Prior to the announcement, a group of constitutional scholars and ethics lawyers had planned to file a lawsuit Monday accusing President Trump of violating the U.S. Constitution by letting his hotels and other businesses take payments from foreign governments. Jeva Lange

3:09 p.m. ET

On Saturday, White House Press Secretary Sean Spicer declared the audience at President Trump's inauguration "the largest audience to ever witness an inauguration, period," slamming the media for reporting photos that showed a noticeably sparser crowd at Trump's ceremony Friday than appeared at former President Obama's first inauguration. Spicer also claimed — in contradiction with official data from the Washington, D.C., Metro system — that more people rode the Metro for Trump's swearing-in than for Obama's.

But on Monday, when pressed by ABC News' Jonathan Karl on his claims absent evidence, Spicer assured the American people that "our intention is never to lie to you." "Yes, I believe we have to be honest with the American people. I think sometimes we can disagree with the facts," Spicer said, when Karl asked if he would always "tell the truth from that podium." When Karl asked Spicer if he'd like to issue any corrections to his Saturday statements, Spicer resisted: "I came out to read a statement," he said of Saturday's press conference, "and I did."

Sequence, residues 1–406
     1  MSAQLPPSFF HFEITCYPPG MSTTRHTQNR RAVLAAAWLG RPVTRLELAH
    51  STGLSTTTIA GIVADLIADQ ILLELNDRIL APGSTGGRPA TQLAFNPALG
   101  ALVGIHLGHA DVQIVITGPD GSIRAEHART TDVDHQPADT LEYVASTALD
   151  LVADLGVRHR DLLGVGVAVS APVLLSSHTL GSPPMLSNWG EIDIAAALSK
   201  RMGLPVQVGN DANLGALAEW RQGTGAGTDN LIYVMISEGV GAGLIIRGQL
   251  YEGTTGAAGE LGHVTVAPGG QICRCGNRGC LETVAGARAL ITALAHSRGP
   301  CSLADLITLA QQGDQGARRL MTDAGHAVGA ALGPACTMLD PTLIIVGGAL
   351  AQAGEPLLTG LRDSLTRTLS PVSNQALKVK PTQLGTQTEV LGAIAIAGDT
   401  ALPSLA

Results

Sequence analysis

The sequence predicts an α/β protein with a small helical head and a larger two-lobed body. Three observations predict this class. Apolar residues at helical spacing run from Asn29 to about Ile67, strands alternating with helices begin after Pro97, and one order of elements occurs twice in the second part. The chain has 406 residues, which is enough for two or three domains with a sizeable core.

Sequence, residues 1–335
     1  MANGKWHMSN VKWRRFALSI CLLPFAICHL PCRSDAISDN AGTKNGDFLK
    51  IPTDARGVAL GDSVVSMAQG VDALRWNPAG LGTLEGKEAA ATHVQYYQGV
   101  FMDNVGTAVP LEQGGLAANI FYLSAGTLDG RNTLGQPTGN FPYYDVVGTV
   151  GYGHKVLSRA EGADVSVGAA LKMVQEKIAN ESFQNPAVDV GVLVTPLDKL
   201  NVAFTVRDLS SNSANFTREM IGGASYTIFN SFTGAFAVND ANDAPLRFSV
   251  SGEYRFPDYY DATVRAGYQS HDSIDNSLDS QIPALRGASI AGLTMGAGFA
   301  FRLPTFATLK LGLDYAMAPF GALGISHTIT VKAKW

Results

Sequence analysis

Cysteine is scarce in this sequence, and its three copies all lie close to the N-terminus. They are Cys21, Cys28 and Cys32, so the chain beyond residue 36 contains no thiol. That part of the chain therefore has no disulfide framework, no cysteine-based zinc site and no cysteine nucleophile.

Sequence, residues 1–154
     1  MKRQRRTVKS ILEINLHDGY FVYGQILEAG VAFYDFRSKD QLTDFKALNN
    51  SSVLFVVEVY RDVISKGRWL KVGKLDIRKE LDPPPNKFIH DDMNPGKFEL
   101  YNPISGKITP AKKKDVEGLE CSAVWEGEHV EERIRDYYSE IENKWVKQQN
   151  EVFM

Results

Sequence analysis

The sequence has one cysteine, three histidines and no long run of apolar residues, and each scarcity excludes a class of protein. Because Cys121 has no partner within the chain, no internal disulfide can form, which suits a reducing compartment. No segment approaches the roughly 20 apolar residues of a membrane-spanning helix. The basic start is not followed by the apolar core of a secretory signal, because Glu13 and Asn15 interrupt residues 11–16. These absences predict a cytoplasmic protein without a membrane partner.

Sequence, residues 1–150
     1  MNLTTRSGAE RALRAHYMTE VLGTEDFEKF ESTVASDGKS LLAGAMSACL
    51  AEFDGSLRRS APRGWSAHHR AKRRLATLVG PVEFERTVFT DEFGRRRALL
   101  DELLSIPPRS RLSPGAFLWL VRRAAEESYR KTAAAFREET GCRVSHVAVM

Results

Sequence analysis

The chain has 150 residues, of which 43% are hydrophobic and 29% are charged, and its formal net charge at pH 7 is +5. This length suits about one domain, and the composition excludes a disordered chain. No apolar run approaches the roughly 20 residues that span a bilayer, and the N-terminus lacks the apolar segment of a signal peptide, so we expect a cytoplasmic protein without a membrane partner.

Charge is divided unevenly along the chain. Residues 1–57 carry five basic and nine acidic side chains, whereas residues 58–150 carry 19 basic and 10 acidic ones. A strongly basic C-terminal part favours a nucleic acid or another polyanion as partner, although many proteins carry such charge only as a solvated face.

Spicer then pointed out that the media makes mistakes "all the time." If anyone should be apologizing for falsehoods, Spicer suggested, it's the reporter who mistakenly reported that the bust of Martin Luther King Jr. had been removed from the Oval Office. The Daily Beast's Olivia Nuzzi pointed out the reporter had in fact apologized — and that Spicer had acknowledged that apology:

After his vow to tell the truth, Spicer proceeded to double-down on his claim that Trump's inaugural address was the "most-watched ever," both "in person and around the globe." Watch the entire exchange below. Becca Stanek

2:07 p.m. ET

White House Press Secretary Sean Spicer slammed Democrats for delaying the confirmations of President Trump's Cabinet nominees at his first official White House press conference Monday. "It's time for Senate Democrats to stop playing political games with the core functions of government, and to allow President Trump's unquestionably qualified and talented group of Cabinet nominees to get to work on behalf of the American people," Spicer said.

Spicer pointed out that former President Obama in 2009 had "seven of his nominees confirmed on day one." "As it stands today," Spicer said, "we have two," noting that Democrats had delayed the confirmation of Rep. Mike Pompeo (R-Kan.) as CIA director.

Catch Spicer's rebuke below. Becca Stanek